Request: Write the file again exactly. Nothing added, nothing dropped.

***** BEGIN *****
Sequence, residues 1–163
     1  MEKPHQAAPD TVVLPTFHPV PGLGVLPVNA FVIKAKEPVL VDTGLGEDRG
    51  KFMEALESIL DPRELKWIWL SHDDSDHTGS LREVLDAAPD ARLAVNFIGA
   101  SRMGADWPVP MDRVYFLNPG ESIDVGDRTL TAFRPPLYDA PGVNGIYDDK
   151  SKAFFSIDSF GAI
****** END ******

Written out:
Sequence, residues 1–163
     1  MEKPHQAAPD TVVLPTFHPV PGLGVLPVNA FVIKAKEPVL VDTGLGEDRG
    51  KFMEALESIL DPRELKWIWL SHDDSDHTGS LREVLDAAPD ARLAVNFIGA
   101  SRMGADWPVP MDRVYFLNPG ESIDVGDRTL TAFRPPLYDA PGVNGIYDDK
   151  SKAFFSIDSF GAI